Rather than featuring a supporting act, the concert was preceded by a series of videos about Covid-19, shown on the big stage screen and interspersed with hits from the distant past — like “Come Together” and “Here Comes the Sun,” by The Beatles — whose themes warmed up the crowd.

To comply with the safety protocols, on Saturday, concertgoers visited one of three smaller Barcelona music venues to get a rapid antigen test for Covid-19. The cost was included in the €23 ticket price.

Christiana Guldager, a photographer, said that she cried before her test at the Razzmatazz nightclub. “I’ve been dancing so often in that place that it made me feel very emotional to find it instead converted into a mini-hospital,” she said.

Later that night in the Palau, emotions also ran high. The dance floor was lit up by cellphones as well as white face masks. When Santi Balmes, the lead singer, invited the crowd to deliver the chorus of a song, he got a powerful response. “Woohoo, you still remember how to sing!” Balmes shouted back. As he brought the concert to a close, Balmes told the crowd, “the band is not important: What is important is the experience and the experience is incredible.”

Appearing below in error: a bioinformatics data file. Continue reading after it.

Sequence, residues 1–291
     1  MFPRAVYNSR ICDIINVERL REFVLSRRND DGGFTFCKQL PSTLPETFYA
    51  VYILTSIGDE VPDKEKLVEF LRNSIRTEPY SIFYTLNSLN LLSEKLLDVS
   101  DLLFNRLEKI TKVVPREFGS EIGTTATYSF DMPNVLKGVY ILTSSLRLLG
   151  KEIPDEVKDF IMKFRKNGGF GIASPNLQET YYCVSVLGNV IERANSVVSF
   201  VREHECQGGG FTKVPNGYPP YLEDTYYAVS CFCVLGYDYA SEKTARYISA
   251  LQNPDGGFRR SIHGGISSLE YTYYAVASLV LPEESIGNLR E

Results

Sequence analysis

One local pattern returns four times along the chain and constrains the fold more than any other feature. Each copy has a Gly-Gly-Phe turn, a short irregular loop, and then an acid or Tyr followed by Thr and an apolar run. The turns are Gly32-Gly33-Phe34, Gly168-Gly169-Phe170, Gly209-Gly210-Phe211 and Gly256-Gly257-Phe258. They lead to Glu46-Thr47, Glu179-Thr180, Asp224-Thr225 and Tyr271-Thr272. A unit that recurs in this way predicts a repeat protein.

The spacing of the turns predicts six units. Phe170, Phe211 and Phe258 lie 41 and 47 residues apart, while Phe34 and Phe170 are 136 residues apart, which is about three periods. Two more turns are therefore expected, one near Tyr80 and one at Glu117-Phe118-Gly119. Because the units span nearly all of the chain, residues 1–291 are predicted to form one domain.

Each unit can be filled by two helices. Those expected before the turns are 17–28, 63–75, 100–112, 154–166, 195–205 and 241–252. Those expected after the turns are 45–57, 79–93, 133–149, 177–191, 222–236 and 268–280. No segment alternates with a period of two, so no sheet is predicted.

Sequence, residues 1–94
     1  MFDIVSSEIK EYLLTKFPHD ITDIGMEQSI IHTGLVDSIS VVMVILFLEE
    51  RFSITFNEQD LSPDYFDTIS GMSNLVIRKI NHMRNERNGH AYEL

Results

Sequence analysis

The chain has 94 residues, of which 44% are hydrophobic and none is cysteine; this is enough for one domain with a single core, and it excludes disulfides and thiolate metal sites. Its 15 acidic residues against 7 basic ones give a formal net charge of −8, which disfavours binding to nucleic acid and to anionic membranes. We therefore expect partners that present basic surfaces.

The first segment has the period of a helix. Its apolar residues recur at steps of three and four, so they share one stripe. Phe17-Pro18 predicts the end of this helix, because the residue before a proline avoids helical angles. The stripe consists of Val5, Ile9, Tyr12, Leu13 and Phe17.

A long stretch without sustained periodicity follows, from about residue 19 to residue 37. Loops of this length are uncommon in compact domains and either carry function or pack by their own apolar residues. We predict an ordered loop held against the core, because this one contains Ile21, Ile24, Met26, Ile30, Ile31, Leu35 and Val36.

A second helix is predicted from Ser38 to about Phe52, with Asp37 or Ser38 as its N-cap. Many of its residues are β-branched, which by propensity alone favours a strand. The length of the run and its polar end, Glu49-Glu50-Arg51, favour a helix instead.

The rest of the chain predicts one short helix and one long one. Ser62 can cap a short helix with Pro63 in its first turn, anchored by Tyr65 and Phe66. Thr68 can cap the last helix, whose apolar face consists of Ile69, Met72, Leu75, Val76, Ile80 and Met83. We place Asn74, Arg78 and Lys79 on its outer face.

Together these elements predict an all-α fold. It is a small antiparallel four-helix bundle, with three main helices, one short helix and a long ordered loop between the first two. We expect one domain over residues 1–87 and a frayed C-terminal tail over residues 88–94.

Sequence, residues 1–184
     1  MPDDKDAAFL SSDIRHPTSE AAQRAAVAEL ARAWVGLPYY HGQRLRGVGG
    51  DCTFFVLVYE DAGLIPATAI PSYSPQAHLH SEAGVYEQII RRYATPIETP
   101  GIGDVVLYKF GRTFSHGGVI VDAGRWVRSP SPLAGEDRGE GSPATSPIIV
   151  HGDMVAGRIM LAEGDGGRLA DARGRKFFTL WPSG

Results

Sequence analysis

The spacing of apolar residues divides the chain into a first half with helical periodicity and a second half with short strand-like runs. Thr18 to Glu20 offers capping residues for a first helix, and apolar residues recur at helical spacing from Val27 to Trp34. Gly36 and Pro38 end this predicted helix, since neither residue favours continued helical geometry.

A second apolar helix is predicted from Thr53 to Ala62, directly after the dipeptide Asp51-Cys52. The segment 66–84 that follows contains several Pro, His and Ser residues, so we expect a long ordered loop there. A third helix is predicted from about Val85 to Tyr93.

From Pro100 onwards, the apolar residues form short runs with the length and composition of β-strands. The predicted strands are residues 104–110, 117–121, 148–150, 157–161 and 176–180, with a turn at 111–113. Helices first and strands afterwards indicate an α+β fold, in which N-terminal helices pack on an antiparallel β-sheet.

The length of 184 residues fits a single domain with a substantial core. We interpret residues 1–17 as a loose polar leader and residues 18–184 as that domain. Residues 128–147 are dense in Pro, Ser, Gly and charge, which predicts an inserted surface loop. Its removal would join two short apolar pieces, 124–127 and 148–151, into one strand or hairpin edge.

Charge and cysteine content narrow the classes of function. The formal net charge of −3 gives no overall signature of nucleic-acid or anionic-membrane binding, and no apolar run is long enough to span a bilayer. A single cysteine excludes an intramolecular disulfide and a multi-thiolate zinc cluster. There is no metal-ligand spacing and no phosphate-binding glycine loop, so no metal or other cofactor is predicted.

Pablo García, 27, an illustrator, agreed. “Of course I never stopped listening to music, but you really need to be at a concert to feel the bass right inside your heart.”

Alex Marshall contributed reporting from London.